What is the theory of three unities? How does Shakespeare violate the three unites and how does Johnson defend him?

Expert Answers
rrteacher eNotes educator| Certified Educator

The theory of three unities was established by Aristotle in his work On the Art of Poetry and held sway in early modern Europe because of the work of classical humanists during the Renaissance.

Aristotle said that any drama needed to feature unity of place (i.e., it should have only one setting). Shakespeare clearly violates this principle in many of his dramas. Macbeth, for example, begins on a battlefield and has scenes in Macbeth's castle and England, among other places. Second, Aristotle thought that a drama should only portray events over the course of a single day (this is unity of time). Many of Shakespeare's plays, Romeo and Juliet, for example, take place over the course of several days or even longer. Finally, unity of action suggests that the plot should not include any digressions or subplots. Some of Shakespeare's plays (Macbeth, for example) could be said to follow this principle, but others, like King Lear, are quite complex, featuring a number of intriguing subplots. 

Johnson acknowledges several of Shakespeare's shortcomings, but defends his decision to violate the unities. As to unity of place, Johnson denies that the audience has to see the changing scenes as believable. Playgoers, he says, "are always in their senses, and know, from the first act to the last, that the stage is only a stage, and that the players are only players." Similarly, he argues that audiences are perfectly capable of imagining that a significant amount of time has elapsed between events in Shakespeare's plays. These lapses, in any case, are usually between acts anyway. "In contemplation," he writes, "we easily contract the time of real actions," and "a lapse of years is as easily conceived as a passage of hours." Indeed, Johnson portrays Shakespeare's willingness to shed structural norms as a virtue, because, as he says, the purpose of a great play is "to copy nature and instruct life." In any case, Johnson believes it possible that Shakespeare did not even know about Aristotle's unities when he wrote his plays.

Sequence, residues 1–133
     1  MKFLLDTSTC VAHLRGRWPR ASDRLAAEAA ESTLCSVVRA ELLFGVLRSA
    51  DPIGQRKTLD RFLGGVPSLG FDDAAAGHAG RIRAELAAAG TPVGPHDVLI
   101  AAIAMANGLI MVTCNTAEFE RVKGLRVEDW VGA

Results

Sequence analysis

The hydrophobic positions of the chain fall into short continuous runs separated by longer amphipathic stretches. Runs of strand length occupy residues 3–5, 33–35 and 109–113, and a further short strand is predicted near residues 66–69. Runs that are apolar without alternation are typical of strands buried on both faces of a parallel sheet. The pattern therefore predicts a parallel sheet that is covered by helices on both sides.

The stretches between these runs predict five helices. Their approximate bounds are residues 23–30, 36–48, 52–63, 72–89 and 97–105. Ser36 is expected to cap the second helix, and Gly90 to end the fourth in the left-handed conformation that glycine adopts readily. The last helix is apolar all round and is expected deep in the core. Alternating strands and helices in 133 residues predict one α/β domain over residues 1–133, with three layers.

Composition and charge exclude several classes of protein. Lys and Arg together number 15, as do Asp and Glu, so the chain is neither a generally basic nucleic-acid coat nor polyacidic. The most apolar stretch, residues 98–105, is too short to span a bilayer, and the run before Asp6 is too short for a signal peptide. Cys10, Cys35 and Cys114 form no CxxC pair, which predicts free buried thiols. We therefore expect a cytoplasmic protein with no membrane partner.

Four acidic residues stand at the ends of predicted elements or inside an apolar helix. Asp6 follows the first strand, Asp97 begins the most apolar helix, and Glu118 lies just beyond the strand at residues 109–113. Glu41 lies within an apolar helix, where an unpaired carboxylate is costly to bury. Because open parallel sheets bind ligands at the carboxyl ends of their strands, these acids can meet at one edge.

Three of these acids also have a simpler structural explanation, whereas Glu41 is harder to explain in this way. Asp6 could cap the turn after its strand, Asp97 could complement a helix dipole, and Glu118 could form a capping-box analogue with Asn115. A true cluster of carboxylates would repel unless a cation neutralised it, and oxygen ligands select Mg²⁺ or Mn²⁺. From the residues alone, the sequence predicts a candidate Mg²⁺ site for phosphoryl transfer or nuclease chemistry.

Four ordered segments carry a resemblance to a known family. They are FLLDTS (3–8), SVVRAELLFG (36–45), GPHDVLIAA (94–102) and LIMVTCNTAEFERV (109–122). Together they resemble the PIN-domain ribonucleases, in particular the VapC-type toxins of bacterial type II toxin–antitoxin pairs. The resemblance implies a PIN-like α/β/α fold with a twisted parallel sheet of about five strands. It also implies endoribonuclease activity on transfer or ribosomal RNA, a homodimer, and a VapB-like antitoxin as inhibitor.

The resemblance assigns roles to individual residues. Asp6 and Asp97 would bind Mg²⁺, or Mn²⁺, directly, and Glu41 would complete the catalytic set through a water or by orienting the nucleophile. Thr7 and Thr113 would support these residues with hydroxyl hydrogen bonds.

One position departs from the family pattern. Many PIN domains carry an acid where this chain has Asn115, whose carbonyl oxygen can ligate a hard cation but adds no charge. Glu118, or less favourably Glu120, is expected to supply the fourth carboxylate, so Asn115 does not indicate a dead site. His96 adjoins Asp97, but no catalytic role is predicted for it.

teachersage eNotes educator| Certified Educator

 Aristotle's theory of the three unities states that a play should embrace unities of action, time and place. Unity of action means that a play should follow one plot, without meandering off into subplots. Unity of time means that a play should take place within a 24-hour period, and unity of place means that a play should take place in one spot, not move from place to place. Shakespeare repeatedly violated the three unities by including subplots in his plays, by writing plays that spanned more than 24 hours and by having scenes in his plays take place in different spots, such as, Johnson notes, moving from Cyrpus to Venice in the same play. 

Johnson defends Shakespeare by saying that he does follow unity of action by writing plays that have a clear beginning, middle and end. Johnson then said that, as for time and place, people know they are watching a play and can easily adjust to different times and places. Once people engage imaginatively, they can continue to do so. As Johnson put it,  “He that can take the stage at one time for the palace of the Ptolemies, may take it in half an hour for the promontory of Actium. Delusion, if delusion be admitted, has no certain limitation.” 

Johnson also defends Shakespeare by stating that what determines whether we "believe in" a play is not so much adherence to unities or to the "facts" of history but the emotional integrity of the play. In other words, what is important is how relatable or relevant the play is to our own lives: “The reflection that strikes the heart is not, that the evils before us are real evils, but that they are evils to which we ourselves may be exposed.” Johnson also defends the plays as "pleasurable" and says that their pleasure outweighs any violations of unities. 

Read the study guide:
Preface to Shakespeare

Access hundreds of thousands of answers with a free trial.

Start Free Trial
Ask a Question